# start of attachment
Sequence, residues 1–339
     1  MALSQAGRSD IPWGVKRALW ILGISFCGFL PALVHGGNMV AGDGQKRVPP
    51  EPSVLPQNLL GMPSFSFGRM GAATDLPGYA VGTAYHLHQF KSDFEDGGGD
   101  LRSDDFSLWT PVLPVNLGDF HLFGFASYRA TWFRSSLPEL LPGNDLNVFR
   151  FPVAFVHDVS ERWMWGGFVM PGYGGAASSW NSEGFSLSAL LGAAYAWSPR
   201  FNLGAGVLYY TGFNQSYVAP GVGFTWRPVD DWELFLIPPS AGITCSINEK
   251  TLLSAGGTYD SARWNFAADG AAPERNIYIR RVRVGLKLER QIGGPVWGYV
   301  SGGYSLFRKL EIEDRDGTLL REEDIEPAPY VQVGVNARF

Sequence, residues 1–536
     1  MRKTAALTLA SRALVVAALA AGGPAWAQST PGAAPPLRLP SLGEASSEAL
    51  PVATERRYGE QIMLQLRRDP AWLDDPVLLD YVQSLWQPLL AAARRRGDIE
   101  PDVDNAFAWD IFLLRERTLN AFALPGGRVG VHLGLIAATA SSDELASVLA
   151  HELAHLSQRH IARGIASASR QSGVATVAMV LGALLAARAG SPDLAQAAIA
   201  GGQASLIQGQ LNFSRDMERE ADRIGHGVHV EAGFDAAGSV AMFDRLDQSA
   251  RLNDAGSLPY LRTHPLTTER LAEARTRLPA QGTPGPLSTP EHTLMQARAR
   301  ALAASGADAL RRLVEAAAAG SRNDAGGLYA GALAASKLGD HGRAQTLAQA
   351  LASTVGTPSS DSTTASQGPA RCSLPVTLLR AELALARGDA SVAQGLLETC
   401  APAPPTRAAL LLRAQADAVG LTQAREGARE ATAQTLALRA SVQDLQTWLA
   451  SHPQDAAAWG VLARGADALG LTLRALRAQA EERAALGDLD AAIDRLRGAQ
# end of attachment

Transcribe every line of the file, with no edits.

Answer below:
Sequence, residues 1–339
     1  MALSQAGRSD IPWGVKRALW ILGISFCGFL PALVHGGNMV AGDGQKRVPP
    51  EPSVLPQNLL GMPSFSFGRM GAATDLPGYA VGTAYHLHQF KSDFEDGGGD
   101  LRSDDFSLWT PVLPVNLGDF HLFGFASYRA TWFRSSLPEL LPGNDLNVFR
   151  FPVAFVHDVS ERWMWGGFVM PGYGGAASSW NSEGFSLSAL LGAAYAWSPR
   201  FNLGAGVLYY TGFNQSYVAP GVGFTWRPVD DWELFLIPPS AGITCSINEK
   251  TLLSAGGTYD SARWNFAADG AAPERNIYIR RVRVGLKLER QIGGPVWGYV
   301  SGGYSLFRKL EIEDRDGTLL REEDIEPAPY VQVGVNARF

Sequence, residues 1–536
     1  MRKTAALTLA SRALVVAALA AGGPAWAQST PGAAPPLRLP SLGEASSEAL
    51  PVATERRYGE QIMLQLRRDP AWLDDPVLLD YVQSLWQPLL AAARRRGDIE
   101  PDVDNAFAWD IFLLRERTLN AFALPGGRVG VHLGLIAATA SSDELASVLA
   151  HELAHLSQRH IARGIASASR QSGVATVAMV LGALLAARAG SPDLAQAAIA
   201  GGQASLIQGQ LNFSRDMERE ADRIGHGVHV EAGFDAAGSV AMFDRLDQSA
   251  RLNDAGSLPY LRTHPLTTER LAEARTRLPA QGTPGPLSTP EHTLMQARAR
   301  ALAASGADAL RRLVEAAAAG SRNDAGGLYA GALAASKLGD HGRAQTLAQA
   351  LASTVGTPSS DSTTASQGPA RCSLPVTLLR AELALARGDA SVAQGLLETC
   401  APAPPTRAAL LLRAQADAVG LTQAREGARE ATAQTLALRA SVQDLQTWLA
   451  SHPQDAAAWG VLARGADALG LTLRALRAQA EERAALGDLD AAIDRLRGAQ